Sydney Airport has a partnership with Australia’s Museum of Contemporary Art, which chose to bring this work to the international terminal.

Here’s a short video from an earlier installation of the work in which artist Archie Moore describes the piece in more detail, including what each flag represents and why he chose the spelling of “Neytion” for the title.

Heading to or through Sydney Airport? Let us know what the piece looks like in its new home.

Fresh art at San Francisco Int’l Airport: the Cat in Art

Cat night-light late 18th–early 19th century. Courtesy SFO Museum

The SFO Museum is hosting a new exhibit at San Francisco International Airport featuring more than one hundred objects celebrating cats.

There are an estimated 600 million domesticated cats worldwide, with cats edging out dogs as the most popular modern-day pets.

Historically, cats were worshipped by the ancient Egyptians and celebrated as symbols of good luck throughout Asia. In Europe, cats were associated with magic, witchcraft, and evil spirits and were persecuted for centuries before they gained cultural acceptance

Although officially condemned in Medieval Europe, cats were praised by painters, sculptors, and intellectuals during the Renaissance, with Leonardo da Vinci proclaiming that “even the smallest feline is a masterpiece,” the exhibition tells us.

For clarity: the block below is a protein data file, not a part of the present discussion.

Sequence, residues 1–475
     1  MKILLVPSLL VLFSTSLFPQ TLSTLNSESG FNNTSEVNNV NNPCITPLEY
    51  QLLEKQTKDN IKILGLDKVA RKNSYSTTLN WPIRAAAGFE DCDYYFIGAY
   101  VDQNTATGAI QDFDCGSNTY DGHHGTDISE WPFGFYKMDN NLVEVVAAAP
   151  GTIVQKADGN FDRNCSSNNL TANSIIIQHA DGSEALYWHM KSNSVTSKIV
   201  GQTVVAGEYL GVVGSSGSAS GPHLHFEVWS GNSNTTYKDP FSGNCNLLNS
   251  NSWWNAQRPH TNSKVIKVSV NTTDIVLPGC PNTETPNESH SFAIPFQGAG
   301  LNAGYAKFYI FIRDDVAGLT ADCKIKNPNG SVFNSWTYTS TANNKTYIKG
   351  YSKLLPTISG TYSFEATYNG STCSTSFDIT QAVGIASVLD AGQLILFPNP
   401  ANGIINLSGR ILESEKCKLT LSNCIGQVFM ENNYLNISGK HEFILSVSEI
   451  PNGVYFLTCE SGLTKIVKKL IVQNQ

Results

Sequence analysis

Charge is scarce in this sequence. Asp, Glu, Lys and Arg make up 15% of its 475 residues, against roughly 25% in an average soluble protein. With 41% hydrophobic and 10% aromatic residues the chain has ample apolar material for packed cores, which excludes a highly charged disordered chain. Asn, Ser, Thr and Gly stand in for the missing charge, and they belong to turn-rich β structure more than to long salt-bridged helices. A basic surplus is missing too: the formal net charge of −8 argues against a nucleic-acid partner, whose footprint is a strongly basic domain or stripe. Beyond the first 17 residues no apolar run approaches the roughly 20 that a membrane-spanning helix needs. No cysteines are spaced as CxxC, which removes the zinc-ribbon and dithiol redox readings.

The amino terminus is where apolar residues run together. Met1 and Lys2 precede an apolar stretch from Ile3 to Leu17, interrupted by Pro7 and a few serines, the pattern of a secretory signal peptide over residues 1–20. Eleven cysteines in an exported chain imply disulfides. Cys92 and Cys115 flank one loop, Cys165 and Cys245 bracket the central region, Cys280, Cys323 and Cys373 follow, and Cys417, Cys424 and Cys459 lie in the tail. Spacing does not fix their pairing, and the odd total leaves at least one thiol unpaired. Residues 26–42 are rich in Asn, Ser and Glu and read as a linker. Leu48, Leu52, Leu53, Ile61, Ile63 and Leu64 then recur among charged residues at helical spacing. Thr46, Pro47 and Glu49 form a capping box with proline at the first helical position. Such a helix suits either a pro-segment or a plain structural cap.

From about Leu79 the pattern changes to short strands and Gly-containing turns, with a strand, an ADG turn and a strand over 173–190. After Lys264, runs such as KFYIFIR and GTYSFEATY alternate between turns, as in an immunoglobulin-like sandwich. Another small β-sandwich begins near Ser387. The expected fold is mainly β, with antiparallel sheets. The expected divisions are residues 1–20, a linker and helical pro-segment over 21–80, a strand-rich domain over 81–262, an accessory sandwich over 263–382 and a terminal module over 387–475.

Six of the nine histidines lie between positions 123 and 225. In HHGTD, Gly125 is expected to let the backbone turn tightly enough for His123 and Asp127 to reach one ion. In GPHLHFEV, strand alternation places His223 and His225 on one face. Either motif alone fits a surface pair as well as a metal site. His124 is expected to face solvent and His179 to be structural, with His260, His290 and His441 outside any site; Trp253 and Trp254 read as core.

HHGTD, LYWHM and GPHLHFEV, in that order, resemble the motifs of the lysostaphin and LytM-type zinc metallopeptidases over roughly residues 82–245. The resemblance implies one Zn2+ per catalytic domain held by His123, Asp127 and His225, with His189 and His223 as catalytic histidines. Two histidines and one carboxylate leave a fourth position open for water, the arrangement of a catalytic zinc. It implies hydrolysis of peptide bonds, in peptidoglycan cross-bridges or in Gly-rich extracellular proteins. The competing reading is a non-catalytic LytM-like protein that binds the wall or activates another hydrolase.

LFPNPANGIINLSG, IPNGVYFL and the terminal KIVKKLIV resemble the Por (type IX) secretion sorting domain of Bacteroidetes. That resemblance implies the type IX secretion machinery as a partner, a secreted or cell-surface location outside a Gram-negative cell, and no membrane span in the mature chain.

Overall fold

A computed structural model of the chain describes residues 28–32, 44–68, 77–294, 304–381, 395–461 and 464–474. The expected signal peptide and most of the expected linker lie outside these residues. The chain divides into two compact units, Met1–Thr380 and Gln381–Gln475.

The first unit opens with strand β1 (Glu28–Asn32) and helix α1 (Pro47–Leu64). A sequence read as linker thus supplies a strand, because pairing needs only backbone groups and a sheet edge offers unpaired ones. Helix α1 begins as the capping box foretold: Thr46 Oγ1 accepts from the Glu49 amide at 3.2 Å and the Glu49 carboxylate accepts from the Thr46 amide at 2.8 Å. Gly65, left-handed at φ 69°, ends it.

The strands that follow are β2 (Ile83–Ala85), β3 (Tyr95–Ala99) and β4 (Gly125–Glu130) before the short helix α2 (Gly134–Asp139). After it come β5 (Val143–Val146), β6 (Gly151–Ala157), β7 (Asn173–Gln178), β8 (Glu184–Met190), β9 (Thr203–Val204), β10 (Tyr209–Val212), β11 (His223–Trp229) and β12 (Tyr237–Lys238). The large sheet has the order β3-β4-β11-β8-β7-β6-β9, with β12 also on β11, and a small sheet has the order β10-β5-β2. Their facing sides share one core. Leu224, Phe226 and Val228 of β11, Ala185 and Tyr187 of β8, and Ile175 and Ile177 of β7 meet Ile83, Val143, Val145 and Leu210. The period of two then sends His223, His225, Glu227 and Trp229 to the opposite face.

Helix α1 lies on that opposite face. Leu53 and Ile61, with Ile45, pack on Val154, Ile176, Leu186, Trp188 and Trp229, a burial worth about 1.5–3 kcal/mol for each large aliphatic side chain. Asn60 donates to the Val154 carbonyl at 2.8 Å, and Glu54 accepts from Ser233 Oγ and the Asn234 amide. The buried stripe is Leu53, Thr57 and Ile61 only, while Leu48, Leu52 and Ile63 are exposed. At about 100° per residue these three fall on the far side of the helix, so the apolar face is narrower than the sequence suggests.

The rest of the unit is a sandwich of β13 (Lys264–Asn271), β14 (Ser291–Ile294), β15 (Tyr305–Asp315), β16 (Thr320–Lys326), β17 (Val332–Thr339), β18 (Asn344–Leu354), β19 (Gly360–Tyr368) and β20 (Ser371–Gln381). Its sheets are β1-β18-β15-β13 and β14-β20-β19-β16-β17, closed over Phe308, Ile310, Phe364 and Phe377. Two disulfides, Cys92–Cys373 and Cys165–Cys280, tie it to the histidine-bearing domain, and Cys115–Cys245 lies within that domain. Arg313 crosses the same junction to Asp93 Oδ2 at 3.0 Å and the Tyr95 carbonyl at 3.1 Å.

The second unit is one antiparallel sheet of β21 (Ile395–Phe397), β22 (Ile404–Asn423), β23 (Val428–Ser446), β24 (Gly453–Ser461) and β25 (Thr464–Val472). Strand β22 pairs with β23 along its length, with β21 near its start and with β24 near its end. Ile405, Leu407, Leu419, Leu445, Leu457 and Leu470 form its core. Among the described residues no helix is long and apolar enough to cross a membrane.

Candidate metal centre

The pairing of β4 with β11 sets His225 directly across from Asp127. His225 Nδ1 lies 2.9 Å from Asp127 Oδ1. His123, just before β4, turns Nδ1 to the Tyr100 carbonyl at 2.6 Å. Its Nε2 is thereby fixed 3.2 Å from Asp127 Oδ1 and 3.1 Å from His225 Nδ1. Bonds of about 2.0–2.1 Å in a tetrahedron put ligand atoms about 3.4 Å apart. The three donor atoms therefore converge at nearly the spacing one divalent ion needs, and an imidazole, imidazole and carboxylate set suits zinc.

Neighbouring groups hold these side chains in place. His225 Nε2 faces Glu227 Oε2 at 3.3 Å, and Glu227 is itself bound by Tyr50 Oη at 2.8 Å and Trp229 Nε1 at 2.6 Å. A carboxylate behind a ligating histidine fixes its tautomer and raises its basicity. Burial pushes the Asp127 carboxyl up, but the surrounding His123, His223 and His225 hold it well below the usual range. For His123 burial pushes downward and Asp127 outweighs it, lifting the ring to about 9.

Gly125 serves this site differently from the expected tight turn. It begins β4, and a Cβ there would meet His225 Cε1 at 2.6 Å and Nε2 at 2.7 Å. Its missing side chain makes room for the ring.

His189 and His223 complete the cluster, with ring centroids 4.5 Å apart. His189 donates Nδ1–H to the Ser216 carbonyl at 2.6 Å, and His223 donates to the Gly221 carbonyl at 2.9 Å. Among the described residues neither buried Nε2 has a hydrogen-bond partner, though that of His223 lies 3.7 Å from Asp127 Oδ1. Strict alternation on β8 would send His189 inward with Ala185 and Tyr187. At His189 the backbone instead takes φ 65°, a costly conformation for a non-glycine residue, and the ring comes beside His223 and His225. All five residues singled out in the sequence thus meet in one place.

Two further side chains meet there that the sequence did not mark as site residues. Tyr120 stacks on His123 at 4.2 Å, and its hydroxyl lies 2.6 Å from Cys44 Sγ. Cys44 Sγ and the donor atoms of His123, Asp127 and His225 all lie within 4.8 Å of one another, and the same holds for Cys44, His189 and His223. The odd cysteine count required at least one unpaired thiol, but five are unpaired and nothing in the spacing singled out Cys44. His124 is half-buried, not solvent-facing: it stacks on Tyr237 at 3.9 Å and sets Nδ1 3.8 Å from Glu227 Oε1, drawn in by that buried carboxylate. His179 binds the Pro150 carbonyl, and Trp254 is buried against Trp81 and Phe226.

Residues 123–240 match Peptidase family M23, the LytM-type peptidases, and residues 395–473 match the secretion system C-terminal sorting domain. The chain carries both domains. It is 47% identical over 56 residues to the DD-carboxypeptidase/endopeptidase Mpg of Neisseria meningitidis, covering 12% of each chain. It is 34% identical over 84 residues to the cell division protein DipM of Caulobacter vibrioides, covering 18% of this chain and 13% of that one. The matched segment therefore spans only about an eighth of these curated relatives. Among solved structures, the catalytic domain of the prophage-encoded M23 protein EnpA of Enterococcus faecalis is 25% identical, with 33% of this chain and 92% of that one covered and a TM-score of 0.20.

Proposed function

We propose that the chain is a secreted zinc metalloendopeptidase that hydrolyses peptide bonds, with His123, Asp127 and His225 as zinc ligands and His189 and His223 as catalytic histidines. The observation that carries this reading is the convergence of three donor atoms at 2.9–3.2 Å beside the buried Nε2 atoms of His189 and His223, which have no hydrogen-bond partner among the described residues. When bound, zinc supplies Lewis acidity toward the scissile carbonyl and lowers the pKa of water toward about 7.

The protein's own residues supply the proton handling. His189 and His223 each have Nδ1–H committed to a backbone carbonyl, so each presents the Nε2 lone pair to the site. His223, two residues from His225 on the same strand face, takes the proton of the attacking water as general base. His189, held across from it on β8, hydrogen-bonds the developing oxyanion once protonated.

Caticons: The Cat in Art, explores the history of the cat and its allure through art, literature, and decorative arts from around the world and is on view in the pre-security area of the International Terminal at San Francisco International Airport through April, 2019.

Here are some more images from the exhibit, courtesy of the SFO Museum exhibit:

Seated cats c. 1900

Temple cats – 19th to early 20th century

 

Phoenix Sky Harbor airport celebrates 30 years of airport art

Tiger – by Esmerelda DeLaney – courtesy Phoenix Sky Harbor

One amenity much appreciated at airports is art.

And Phoenix Sky Harbor International Airport has had a top-notch art program for years.

 The program began in 1962 when the mural, The Phoenix, was commissioned for the new Terminal 2.  As the airport expanded, construction was designed with art in mind and in 1988 a full-blown airport art program was established.

Now the Phoenix Airport Museum has more than 900 works in its permanent collection, an extensive aviation archive and more than 40 exhibition spaces.